It’s Okay Not to be Okay Right Now.

By Mia Lukic

A global pandemic. Nationwide protests. An election. The everyday, mundane life annoyances. It is no surprise that most people are on edge and struggling right now. When will the pandemic end? When will we see our families and do the things we like again? Who will be the next president of the United States? Will we know immediately or will this take days, weeks, months? How will the choice impact my rights? The safety of our friends and families? The state of our environment?

A study conducted by CARAVAN and The Maple Counseling Center reported that 52% of people reported that their mental health has been negatively impacted by the 2020 presidential election. 64% when it comes to Gen Z and 57% when it comes to Millennials (healthline).

Not only that, but the Pandemic has been detrimental to mental health as well. A Total Brain survey announced today that 83% of women and 36% of men had experienced an increase in depressed moods. 53% of working women and 29% of men have experienced an increase in anxiety since February. The effects have been disastrous for everyone, including and especially women.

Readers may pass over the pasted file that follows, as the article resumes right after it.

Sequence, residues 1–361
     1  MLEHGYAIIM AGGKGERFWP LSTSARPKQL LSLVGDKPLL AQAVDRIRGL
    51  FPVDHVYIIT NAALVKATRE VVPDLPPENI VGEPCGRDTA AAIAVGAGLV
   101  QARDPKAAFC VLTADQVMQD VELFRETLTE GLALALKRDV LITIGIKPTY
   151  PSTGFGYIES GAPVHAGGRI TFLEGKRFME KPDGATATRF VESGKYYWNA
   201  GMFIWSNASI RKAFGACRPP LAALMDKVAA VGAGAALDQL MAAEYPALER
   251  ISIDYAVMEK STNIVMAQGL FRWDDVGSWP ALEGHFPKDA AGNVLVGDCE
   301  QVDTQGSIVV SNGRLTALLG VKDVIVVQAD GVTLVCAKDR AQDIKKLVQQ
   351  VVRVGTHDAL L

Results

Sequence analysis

The CDC reports:

“Stress during an infectious disease outbreak can sometimes cause the following:

  • Fear and worry about your own health and the health of your loved ones, your financial situation or job, or loss of support services you rely on.
  • Changes in sleep or eating patterns.
  • Difficulty sleeping or concentrating.
  • Worsening of chronic health problems.
  • Worsening of mental health conditions.
  • Increased use of tobacco, and/or alcohol and other substances.”

So what do we do when we feel like everything is awful and there’s little we can do?

Remember to put yourself first. Your mental health is important and self care is mandatory. Despite the world not pausing and deadlines and due dates persisting, find time to do what makes your heart happy. Go outside, draw, read, watch a show. Many websites suggest a social media cleanse or limiting news/politics.

Hopefully you can find time to pause and take care of yourself, and remember that you’re not alone in feeling this way. It is expected and okay to be frazzled, anxious, angry, or however else you are feeling. There are so many people that care and want to be with you through all of this. The UMKC Counseling Center has great resources and opportunities to speak with professionals, and know that 105 Haag Hall always has a listening ear and a helping hand.